I open this Global Week Ahead with a quote from the Washington D.C.-based FP Group (FP is short for Foreign Policy). They count 1.2 million daily newsletter deliveries.
It is a very respected establishment tied to the more than 40-year-old Foreign Policy magazine, founded by Harvard Professor Samuel Huntington.
The purpose and mission: to question commonplace views and groupthink and to give a voice to alternative views about American foreign policy.
Here it is--
“This is our reality now: an unpredictable scattershot set of policies that prevent allies from reinforcing U.S. efforts, require constant remediation by Cabinet members of uproars caused by the president’s erratic behavior, and a very high transaction cost for everything the United States wants to do in the world.”
In light of that scintillating U.S. foreign policy backdrop, on Sunday, Japanese Prime Minister Shinzo Abe arrived in Hanover, Germany. He is at the start of a four-day trip to Europe. Abe’s trip takes him to Germany, France, Belgium (where the EU is based) and Italy.
Abe hopes to discuss security issues -- related to a bellicose North Korea shooting missiles at Japan -- and make progress on a Japan-EU free trade deal.
In Japan Today, Abe said that Japan “wants to be the champion upholding open systems alongside Germany.” He further said to the publication that it was through connectedness that economies would grow.
He then publicly called for a swift conclusion to the EU-Japan trade deal.
On Monday, the Global Week Ahead started off with a new five-week low in the U.S. dollar.
In 2017, U.S. dollar strength is all about the rising rates in the USA and the fact that NO OTHER major central bank is moving rates up outside the USA. The stronger dollar is a feature of both central bank action and non-action, in other words.
A wider gap between relative rates is sure to play out in a still-stronger U.S. dollar.
Consensus is more concerned about the effects on the riskier and more volatile emerging market currents, than it is on advanced country currency pairs like the Euro and U.K. pound.
All week, there are a number of Fed speeches. These will provide us color on the U.S. dollar and the outlook for U.S. rates. Some are being given outside the country, in London and in Asia.
Also on Monday, Hong Kong’s benchmark large cap share index rose to its highest intraday level in more than a year and a half.
Keep your eyes on an emerging bull market across Asia!
Top Zacks #1 Rank (STRONG BUY) Large Cap Stocks—
Renault SA (RNLSY - Free Report) : This is the large French-based automaker. The stock is also has a long-term Zacks VGM score of A, based on a Zacks Value score of A.
French stocks have been beaten up for a long time now.
TDK Corp. (TTDKY - Free Report) : This is a large Japan-based maker of electronics components. The stock holds a Zacks VGM score of B too, based on a Zacks Value score of A.
You have to love value stocks outside the USA, given the S&P 500 trades at over 18 times forward earnings now.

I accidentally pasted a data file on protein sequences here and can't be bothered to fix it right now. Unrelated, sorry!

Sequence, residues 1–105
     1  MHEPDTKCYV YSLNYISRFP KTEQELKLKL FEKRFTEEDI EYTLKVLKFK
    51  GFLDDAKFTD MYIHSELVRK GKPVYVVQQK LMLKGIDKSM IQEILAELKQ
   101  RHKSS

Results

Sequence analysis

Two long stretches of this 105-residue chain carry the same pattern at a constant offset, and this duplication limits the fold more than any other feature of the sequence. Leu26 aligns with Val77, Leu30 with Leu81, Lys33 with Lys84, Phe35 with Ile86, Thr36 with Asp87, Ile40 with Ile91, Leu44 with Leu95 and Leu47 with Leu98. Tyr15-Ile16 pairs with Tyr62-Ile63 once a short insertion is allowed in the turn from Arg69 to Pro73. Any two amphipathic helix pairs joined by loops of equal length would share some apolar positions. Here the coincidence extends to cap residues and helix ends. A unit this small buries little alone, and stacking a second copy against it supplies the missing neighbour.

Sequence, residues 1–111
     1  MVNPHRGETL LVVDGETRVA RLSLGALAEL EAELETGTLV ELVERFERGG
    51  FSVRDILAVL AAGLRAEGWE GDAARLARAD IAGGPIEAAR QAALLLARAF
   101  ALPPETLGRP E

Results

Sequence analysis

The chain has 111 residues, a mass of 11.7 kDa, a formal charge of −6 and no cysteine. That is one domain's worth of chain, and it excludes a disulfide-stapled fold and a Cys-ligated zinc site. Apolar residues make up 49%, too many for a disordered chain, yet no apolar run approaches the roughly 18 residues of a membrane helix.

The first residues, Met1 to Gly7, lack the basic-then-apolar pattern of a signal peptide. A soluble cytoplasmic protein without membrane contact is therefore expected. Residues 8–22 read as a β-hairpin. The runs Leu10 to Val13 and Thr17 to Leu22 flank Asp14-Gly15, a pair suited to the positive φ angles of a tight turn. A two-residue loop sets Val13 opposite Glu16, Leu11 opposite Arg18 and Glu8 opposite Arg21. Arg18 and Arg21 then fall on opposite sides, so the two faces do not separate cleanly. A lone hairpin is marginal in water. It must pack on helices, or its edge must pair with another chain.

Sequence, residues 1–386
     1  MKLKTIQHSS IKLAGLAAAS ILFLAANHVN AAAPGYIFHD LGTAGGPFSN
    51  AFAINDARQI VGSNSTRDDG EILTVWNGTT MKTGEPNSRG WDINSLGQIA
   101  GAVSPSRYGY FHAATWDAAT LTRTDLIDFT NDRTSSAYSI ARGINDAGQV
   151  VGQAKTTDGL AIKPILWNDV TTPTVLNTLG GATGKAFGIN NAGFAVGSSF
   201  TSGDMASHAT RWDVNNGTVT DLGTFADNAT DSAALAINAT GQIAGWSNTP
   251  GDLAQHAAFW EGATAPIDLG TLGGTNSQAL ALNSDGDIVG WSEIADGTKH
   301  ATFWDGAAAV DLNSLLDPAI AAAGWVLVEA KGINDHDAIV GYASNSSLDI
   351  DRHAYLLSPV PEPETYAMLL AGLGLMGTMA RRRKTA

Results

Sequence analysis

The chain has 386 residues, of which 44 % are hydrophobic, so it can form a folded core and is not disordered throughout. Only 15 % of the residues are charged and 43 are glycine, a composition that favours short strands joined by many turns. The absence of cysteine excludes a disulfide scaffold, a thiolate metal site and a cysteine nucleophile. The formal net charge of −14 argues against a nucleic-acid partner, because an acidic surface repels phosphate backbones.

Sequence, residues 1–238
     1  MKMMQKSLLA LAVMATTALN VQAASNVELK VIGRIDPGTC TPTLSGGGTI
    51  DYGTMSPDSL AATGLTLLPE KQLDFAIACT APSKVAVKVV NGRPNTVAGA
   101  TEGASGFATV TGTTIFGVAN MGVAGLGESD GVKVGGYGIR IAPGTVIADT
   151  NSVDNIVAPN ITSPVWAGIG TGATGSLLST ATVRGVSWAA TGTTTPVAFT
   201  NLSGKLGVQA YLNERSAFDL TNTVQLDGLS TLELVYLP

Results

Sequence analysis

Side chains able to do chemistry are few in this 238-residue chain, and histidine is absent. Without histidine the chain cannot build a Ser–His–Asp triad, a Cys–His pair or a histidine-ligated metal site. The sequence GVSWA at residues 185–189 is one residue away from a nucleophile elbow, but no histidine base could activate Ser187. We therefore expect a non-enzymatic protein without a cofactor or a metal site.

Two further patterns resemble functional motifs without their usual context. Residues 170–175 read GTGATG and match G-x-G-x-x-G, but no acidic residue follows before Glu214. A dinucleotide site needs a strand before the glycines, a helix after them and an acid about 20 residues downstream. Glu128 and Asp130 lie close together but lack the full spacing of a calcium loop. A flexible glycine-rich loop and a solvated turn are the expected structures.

Check Point Software (CHKP - Free Report) : This is an Israeli company. It is the largest capitalization info tech stock ($17.8 billion) hailing from that country.
Given Intel’s recent purchase of Israel’s beloved autonomous vehicle facilitator Mobileye, you need to be aware of this better-known stock and this company. However, the Zacks VGM score is F. In other words, this share story has been bought long, long ago.
Key Global Macro Data & Events—
Fast-moving global FX and share markets may be the most important this week.
Look for clarification on the addition of ‘symmetric’ in the latest FOMC press statement. Chair Yellen speaks on Thursday in Washington DC.
David Cameron’s speech on the EU on Monday looks interesting.
PMIs for the Eurozone are out late in the week, on Friday.
On Monday, EU finance ministers start a 2-day meeting in Brussels.
Chancellor Merkel and Prime Minister Abe hold talks on trade.
The unemployment rate in Russia is 5.6%, real wages are growing +3.3% y/y, and retail sales are down -2.3% y/y. That’s a mixed picture, with worrisome consumer attitudes.
David Cameron gives a speech on the EU.
The Fed’s Evans speaks in NYC.
On Tuesday, the EU’s Juncker and Tusk meet Abe in Brussels.
The unemployment rate in Finland is 9.2%, much higher than in Russia.
The Fed’s Rosengren speaks at the Asia-Pacific meeting, and the Fed’s Dudley speaks in London. The Fed’s Hunter and George speak in Washington. The Fed’s Mester speaks in Richmond.
The BoJ releases its latest minutes.
On Wednesday, the unemployment rate in Taiwan is 3.84%.
The inflation rate in South Africa should go to 6.3% from 6.6%. y/y. It’s still too high.
U.S. existing homes sales data comes out. Look for a 5.59 million-unit number, after 5.69 million in a prior print.
On Thursday, the unemployment rate in Poland is 8.6%. That’s high. It’s a reason so many Polish people have moved to the U.K.: work.
U.K. retail sales (ex-auto and fuel) should be up +3.5% y/y from +2.6% y/y.
U.S. initial claims were 241K, and we will get new data on this day. That’s super-low.
U.S. new home sales should get to 600K from 555K in an earlier print. It has been a mild winter, and stocks are up. Mortgage rates are going up too, so buyers are starting to move.
Mexico’s bi-weekly CPI looks to get to +5.2% y/y from %5.0%.
The Fed’s Yellen and Kashkari speak in Washington.
On Friday, the French manufacturing PMI should be around the prior 52.2. The German manufacturing PMI should be around 56.8. The Eurozone manufacturing PMI should be 55.5.
The composite Eurozone manufacturing and services PMI should be 56.2, better than the prior 56.0.
U.S. durable goods orders come out. Ex-transport, the print looks for +1.0% y/y.
Mexico’s retail sales should go to +4.8% y/y from +9.0% y/y. That is not good.